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Elizabethan Era Class System

Elizabethan Era Class System
Coming up next: English Class System in the 16th Century

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  • 0:41 Social Structure
  • 1:16 The Nobility
  • 2:06 The Gentry
  • 3:03 The Yeomanry
  • 3:46 The Peasantry
  • 4:36 Lesson Summary
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Lesson Transcript
Instructor: Christopher Muscato

Chris has a master's degree in history and teaches at the University of Northern Colorado.

The Elizabethan era is generally considered to be an English Golden Age, but was this true for everyone? In this lesson, we'll talk about the class system of Elizabethan England and see how society was organized.

The Elizabethan Era

In the late 16th century, from 1558 to 1603, the people of England lived under the reign of Queen Elizabeth I and watched as the kingdom grew and expanded. This period, known as the Elizabethan era, is known as one of England's Golden Ages. Shakespeare introduced the world to professional theater. Sir Francis Drake circumnavigated the globe. England even tried its hand at colonization with settlement in North America. Desiring English society to reflect the order and stability of the Crown, Elizabeth encouraged a strict social class system.

Social Structure

Before we get into the social classes, let's talk a bit about what this phrase meant. Social class determined not only people's social status but also where they could live, where they could work, what sort of political rights they had, and even what they could wear. These rules weren't taken lightly, and violating the expectations or restrictions of one's class could be met with violent punishment.

So, what if you didn't like your class? Generally, it was tough luck. There were very few opportunities to increase your social status, and for many it was a virtual impossibility.

The Nobility

So, let's get to know these social classes. At the very top of the Elizabethan social pyramid were the nobility, or the people of noble birth. Almost everyone who was a noble was born into a noble family, although technically nobility could be granted through royal decree to those who proved themselves worthy, generally by warfare, economic prowess, or contribution to the arts. The most powerful noble was the monarch, in this case Queen Elizabeth. Below her were the other nobles.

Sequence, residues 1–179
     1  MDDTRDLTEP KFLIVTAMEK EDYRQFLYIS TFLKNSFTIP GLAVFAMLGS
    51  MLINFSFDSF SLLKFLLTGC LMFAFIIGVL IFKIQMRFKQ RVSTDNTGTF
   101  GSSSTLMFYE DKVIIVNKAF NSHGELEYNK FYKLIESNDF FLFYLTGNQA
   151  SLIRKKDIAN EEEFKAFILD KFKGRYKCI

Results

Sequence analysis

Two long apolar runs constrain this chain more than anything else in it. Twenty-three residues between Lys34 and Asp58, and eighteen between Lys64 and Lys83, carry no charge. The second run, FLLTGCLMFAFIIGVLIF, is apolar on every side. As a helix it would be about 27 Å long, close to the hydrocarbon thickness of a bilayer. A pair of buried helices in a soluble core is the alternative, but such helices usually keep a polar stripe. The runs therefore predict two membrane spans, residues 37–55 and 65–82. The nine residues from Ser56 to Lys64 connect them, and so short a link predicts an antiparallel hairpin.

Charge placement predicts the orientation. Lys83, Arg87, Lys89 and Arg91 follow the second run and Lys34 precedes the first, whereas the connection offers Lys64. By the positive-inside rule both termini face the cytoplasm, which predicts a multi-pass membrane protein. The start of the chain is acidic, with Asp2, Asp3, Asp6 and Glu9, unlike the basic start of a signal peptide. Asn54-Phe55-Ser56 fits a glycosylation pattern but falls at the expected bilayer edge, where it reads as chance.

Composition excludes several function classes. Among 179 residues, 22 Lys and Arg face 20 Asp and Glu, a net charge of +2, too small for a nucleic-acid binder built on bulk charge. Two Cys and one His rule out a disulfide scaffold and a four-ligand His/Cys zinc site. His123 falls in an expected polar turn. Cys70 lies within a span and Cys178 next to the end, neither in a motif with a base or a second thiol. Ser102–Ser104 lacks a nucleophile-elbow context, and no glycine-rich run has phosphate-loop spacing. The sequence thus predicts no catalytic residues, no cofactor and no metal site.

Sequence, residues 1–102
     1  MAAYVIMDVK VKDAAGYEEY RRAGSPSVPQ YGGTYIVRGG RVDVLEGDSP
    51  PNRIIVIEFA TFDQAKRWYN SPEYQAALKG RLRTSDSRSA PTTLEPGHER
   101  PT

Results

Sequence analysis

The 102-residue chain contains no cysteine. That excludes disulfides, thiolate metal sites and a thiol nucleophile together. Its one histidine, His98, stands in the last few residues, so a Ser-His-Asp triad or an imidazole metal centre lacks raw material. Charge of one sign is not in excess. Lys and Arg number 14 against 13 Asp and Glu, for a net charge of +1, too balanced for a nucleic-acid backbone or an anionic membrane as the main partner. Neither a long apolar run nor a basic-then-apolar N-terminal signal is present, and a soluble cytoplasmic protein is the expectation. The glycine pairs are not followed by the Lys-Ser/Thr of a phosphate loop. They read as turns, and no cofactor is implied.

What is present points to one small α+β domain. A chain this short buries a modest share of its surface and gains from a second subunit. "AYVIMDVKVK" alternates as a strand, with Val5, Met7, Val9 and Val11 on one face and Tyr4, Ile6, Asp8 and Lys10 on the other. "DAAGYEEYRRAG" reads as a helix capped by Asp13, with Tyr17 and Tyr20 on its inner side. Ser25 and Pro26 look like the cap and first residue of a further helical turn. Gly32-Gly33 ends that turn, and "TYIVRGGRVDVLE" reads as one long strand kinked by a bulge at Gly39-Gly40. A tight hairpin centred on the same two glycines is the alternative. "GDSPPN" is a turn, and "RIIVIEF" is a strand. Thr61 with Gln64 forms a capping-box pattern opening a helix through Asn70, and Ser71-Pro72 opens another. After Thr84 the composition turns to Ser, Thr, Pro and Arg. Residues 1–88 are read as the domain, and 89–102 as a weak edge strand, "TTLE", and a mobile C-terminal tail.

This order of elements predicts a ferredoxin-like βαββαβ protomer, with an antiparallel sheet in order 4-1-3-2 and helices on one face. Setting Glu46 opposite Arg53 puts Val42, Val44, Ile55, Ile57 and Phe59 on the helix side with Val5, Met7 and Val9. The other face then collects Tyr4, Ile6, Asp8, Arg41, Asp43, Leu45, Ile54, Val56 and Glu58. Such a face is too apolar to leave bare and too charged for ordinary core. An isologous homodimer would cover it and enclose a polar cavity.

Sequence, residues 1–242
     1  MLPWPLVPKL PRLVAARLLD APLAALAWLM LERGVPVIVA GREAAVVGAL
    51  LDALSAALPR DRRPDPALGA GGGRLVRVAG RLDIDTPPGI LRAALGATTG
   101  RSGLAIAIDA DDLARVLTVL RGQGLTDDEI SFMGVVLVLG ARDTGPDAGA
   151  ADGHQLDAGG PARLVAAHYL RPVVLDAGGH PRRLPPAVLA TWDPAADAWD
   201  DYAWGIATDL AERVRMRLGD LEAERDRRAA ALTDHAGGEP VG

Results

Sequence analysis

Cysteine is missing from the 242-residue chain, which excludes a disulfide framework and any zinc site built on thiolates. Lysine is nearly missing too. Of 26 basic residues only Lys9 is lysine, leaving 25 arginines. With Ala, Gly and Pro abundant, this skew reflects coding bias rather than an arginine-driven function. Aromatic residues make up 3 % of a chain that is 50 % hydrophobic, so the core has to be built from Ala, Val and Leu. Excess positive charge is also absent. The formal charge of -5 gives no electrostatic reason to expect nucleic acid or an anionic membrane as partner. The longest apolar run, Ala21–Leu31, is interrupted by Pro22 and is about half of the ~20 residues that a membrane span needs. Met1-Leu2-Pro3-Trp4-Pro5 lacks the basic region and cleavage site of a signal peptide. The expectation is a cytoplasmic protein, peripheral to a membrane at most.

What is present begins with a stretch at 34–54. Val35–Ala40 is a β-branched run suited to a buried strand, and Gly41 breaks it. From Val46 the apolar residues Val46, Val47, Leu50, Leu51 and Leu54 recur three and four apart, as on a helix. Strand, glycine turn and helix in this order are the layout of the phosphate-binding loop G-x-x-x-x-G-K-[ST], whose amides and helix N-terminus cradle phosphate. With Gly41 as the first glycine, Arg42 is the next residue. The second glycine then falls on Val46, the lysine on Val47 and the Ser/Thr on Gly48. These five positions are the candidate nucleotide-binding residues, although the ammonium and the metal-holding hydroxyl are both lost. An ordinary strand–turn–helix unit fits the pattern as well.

Now, nobles did have some political rights, and expected the Queen to respect those rights. England did have a Parliament, although it was still young and weak, so most of the nobles' rights were advocated by the few nobles selected to advise the queen. Many British monarchs clashed with their nobles, but Elizabeth chose her court well, and generally they got along.

The Gentry

Just below the nobility were the gentry. The gentry were not nobles, meaning they didn't have noble titles, but were still wealthy and affluent enough that they didn't have to work with their hands. That was very important, since the sort of work you did was a direct reflection of your social class. The gentry included knights, squires, and other wealthy landowners called gentlemen or gentlewomen.

During the Elizabethan era, the gentry became England's fastest-growing social class as the new opportunities in arts, literature, science, and even exploration provided the rare opportunity for some people to develop enough wealth to enter this social class. The gentry could hope, over a few generations, to move into the nobility if they played their cards right and made the right political and financial connections. This desire to move up created a strict line in Elizabethan society. The gentry and nobility were loosely grouped together, while anyone of lower class was considered strictly inferior.

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